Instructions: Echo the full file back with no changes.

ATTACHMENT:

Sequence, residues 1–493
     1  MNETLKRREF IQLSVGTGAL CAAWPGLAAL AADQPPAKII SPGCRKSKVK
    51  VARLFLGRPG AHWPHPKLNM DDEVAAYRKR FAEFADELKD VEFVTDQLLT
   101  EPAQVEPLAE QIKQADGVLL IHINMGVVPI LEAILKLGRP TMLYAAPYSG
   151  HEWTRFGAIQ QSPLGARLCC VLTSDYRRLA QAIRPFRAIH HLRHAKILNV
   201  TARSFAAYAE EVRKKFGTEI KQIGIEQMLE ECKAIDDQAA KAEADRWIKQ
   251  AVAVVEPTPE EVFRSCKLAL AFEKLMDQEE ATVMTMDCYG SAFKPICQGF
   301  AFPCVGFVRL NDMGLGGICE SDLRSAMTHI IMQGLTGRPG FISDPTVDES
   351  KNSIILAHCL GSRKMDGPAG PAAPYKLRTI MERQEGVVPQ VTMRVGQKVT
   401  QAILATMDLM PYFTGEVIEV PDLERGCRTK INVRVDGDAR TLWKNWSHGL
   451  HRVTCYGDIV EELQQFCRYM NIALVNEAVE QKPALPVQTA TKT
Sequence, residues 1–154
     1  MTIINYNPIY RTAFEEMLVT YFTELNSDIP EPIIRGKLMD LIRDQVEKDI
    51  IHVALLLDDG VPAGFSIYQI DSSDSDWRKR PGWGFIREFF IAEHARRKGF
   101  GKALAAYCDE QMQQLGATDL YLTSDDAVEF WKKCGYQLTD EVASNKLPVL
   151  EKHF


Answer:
Sequence, residues 1–493
     1  MNETLKRREF IQLSVGTGAL CAAWPGLAAL AADQPPAKII SPGCRKSKVK
    51  VARLFLGRPG AHWPHPKLNM DDEVAAYRKR FAEFADELKD VEFVTDQLLT
   101  EPAQVEPLAE QIKQADGVLL IHINMGVVPI LEAILKLGRP TMLYAAPYSG
   151  HEWTRFGAIQ QSPLGARLCC VLTSDYRRLA QAIRPFRAIH HLRHAKILNV
   201  TARSFAAYAE EVRKKFGTEI KQIGIEQMLE ECKAIDDQAA KAEADRWIKQ
   251  AVAVVEPTPE EVFRSCKLAL AFEKLMDQEE ATVMTMDCYG SAFKPICQGF
   301  AFPCVGFVRL NDMGLGGICE SDLRSAMTHI IMQGLTGRPG FISDPTVDES
   351  KNSIILAHCL GSRKMDGPAG PAAPYKLRTI MERQEGVVPQ VTMRVGQKVT
   401  QAILATMDLM PYFTGEVIEV PDLERGCRTK INVRVDGDAR TLWKNWSHGL
   451  HRVTCYGDIV EELQQFCRYM NIALVNEAVE QKPALPVQTA TKT
Sequence, residues 1–154
     1  MTIINYNPIY RTAFEEMLVT YFTELNSDIP EPIIRGKLMD LIRDQVEKDI
    51  IHVALLLDDG VPAGFSIYQI DSSDSDWRKR PGWGFIREFF IAEHARRKGF
   101  GKALAAYCDE QMQQLGATDL YLTSDDAVEF WKKCGYQLTD EVASNKLPVL
   151  EKHF